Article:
After the hearing, Butina's attorney, Robert Driscoll, told reporters his client respected but strongly disagreed with the judge's decision.
"She's been aware of a criminal investigation into her conduct for months and made no attempt to flee," Driscoll said, saying Butina was not a Russian agent but rather a "young student seeking to make her way in America."
Citing her intelligence ties, the government had argued that Butina's legal status in the U.S. was based on "deception," saying her student visa and enrollment at American University were a cover for her covert work. They also argue she posed an "extreme" risk of fleeing the U.S.
Butina was arrested over the weekend amid signs that she planned to leave the Washington area and possibly the country, prosecutors said. Her lease on an apartment ends later this month, her belongings were packed at the time of her arrest and she had applied for a visa that would allow her to travel to and from the United States, prosecutors said.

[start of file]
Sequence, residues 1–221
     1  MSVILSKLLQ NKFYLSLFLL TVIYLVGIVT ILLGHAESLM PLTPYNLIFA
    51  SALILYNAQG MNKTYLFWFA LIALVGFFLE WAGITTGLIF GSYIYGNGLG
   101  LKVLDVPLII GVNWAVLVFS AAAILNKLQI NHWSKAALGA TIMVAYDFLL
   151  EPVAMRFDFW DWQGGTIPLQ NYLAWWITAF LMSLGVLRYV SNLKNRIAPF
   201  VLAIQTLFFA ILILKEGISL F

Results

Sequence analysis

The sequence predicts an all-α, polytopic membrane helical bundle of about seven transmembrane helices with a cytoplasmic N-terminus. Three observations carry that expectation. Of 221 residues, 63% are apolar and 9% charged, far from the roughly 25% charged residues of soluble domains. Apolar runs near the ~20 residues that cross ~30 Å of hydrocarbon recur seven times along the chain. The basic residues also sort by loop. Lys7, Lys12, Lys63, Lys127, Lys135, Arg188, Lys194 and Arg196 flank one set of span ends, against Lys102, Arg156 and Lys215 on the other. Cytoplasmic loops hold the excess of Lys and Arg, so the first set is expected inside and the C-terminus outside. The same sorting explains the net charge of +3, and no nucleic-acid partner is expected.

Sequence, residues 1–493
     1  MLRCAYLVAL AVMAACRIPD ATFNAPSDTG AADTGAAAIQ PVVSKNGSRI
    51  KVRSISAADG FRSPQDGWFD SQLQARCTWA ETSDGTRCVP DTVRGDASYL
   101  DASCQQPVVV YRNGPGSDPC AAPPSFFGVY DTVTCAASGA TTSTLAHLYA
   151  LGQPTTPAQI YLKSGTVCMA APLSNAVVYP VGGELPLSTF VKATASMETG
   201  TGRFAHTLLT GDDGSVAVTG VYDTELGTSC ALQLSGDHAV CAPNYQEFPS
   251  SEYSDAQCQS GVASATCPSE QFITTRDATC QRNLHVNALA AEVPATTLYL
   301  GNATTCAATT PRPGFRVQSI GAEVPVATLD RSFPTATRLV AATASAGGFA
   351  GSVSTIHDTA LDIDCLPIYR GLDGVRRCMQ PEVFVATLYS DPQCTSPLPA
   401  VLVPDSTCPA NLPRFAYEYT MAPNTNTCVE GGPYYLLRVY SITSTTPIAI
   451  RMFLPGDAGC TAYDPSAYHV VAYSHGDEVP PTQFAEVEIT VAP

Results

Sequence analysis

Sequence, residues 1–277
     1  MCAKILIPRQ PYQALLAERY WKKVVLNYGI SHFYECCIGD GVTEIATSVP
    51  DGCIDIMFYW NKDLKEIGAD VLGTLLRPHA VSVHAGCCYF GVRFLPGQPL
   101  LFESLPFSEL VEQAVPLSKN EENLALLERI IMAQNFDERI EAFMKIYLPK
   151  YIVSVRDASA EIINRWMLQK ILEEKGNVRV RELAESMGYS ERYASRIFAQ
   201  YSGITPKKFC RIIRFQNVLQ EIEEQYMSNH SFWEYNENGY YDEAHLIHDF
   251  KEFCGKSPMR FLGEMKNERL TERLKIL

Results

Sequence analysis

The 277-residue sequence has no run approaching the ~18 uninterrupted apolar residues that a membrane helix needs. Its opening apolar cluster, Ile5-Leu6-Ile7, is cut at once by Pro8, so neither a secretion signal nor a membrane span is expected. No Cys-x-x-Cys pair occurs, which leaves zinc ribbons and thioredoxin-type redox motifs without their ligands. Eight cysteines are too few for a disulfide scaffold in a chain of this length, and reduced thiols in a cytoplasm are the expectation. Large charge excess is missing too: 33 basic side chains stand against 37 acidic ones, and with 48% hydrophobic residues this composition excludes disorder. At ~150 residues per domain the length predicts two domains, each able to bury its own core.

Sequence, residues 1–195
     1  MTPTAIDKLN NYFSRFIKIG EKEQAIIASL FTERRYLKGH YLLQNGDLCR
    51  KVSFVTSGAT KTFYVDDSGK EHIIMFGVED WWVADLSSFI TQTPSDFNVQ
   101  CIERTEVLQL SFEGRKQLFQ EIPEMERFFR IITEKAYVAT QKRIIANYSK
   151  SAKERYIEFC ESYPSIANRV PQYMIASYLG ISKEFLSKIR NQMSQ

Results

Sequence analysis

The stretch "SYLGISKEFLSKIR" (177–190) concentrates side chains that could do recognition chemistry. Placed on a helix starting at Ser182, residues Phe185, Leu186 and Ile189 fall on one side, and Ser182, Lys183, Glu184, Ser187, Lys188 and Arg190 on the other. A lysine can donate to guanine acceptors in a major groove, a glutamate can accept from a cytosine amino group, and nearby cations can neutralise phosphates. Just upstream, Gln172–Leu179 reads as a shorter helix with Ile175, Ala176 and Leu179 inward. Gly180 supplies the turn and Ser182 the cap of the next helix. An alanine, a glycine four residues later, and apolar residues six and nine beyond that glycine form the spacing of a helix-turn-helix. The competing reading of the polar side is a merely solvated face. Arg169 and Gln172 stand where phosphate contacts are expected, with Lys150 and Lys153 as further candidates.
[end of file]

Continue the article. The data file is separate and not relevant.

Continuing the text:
Her personal ties, "save for those U.S. persons she attempted to exploit and influence," are to Russia, according to the government court filing.
"She has every incentive to flee," Assistant U.S. Attorney Erik Kenerson said during the hearing,
The government was particularly concerned Butina would attempt to leave the U.S. using Russian diplomatic facilities or vehicles, Kenerson said, noting that American authorities would be powerless to stop her due to immunity protections. The U.S. has no extradition treaty with Russia, he said.